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Teaching Metacognition to Improve Student Learning

By: Maryellen Weimer, PhD

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Metacognition can be a word that gets in the way of students understanding that this thinking about
thinking is really about their awareness of themselves as learners. Most students dont spend much
time thinking about learning generally or how they learn specifically. In order to become independent,
self-directed learners, they need to be able to orchestrate their learning. Thats the metaphor the
National Research Council uses to describe planning for learning, monitoring it as it occurs, and then
evaluating both what has been learned and how it was learned.

Kimberly Tanners excellent article on Promoting Student Metacognition expands those three
fundamental activities (planning, monitoring and evaluation) into a set of questions that students can
use to begin to develop this awareness of themselves as learners. She proposes planning, monitoring
and evaluation questions for three central learning activities; a class session, an active learning activity
or homework assignment, and a quiz or exam, plus a set of questions about the course overall. [Find her
article and a table of sample questions to promote student metacognition
at: http://www.lifescied.org/content/11/2/113.full.pdf+htm]

I worry a bit about giving students all these questions at once. I can see them skimming through the list
and quickly deciding there are too many questions to answer. Besides, these are not questions with
easy, obvious answers, especially if you havent thought about them before. To get students started,
you may want to try one of these approachescredit goes to Tanner for some of these ideas.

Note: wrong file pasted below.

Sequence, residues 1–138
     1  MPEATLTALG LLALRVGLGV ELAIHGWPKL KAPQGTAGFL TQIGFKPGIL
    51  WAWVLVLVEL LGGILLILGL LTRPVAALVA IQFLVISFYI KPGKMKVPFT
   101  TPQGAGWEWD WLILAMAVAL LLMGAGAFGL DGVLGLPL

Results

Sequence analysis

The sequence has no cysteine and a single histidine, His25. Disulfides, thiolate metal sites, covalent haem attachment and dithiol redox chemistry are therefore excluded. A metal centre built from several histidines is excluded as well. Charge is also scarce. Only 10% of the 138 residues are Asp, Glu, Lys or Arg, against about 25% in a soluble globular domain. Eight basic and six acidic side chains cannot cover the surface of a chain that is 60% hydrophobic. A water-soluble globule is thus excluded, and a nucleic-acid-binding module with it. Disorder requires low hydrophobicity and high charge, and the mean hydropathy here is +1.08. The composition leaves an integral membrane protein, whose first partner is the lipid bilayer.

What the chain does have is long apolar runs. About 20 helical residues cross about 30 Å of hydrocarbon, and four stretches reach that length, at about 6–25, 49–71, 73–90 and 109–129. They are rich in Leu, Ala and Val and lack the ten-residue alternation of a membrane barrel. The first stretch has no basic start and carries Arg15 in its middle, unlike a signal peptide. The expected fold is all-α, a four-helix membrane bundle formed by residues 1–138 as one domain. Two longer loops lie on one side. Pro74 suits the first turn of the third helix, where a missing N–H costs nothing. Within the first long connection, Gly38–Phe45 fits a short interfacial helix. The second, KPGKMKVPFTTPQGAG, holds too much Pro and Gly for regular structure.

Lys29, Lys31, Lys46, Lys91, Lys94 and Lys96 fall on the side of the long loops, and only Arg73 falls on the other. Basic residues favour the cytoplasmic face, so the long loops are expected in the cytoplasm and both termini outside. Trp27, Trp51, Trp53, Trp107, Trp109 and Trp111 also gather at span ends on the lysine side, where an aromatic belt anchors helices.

How have I prepared for class today? Have this question on a PowerPoint slide as students arrive in
class. Ask them to write the answer in their notes. Comments could include, I did the reading. I know
what were covering in class today and have some ideas about it. I was in class last period. Then show
this question: Whats the best way for me to prepare for a class like this one? You might solicit some
suggestions and then challenge students to try coming to class better prepared or to use a different
preparation method to see if it makes the material easier to understand.

What questions do I have? Ask students to write questions in their notes as the material is presented in
class. Writing the questions shouldnt prevent them from asking questions but lots of students have
questions that they never ask or write down. At the end of the period, have students circle the questions
in their notes that they still cant answer. They could ask someone sitting next to them one of those
questions or see if they can find answer in the text. You could begin the next session by asking for any
questions that students still cant answer and you might solicit a couple of examples of questions they
can now answer.

Why did I miss those exam questions? As part of the exam debrief, have students circle or list three
exam questions they missed and then have them share in writing (on the test or in a note to you) why
they think they missed those questions. Youll likely get comments like, I wasnt in class the day this
material was covered. I didnt think thered be a question about this on the test. I didnt understand
the question. I couldnt remember how to do the problem. I didnt read the material carefully.
Then give them this follow-up question: What do I need to do to avoid missing questions like these on
the next exam?

When you start asking questions about learning, I wouldnt expect students to greet the activity with
lots of enthusiasm. Many of them believe learning is a function of natural ability and not something they
can do much about. Others just havent paid attention to how they learn. They think of themselves as
students, not as learners. I also dont think most students think of learning as a life-changing force. Its
something they do while theyre in school. As devotees to learning, we might we need to sing its praises
more often and with a bit more gusto. Its powerful to be able to figure things out for yourself, to see
things happening and understand why, and to discover knowledge that gives life meaning and purpose.

Reference: Tanner, K. D. (2012). Promoting student metacognition. Cell Biology EducationLife Sciences
Education, 11 (Summer), 113-120.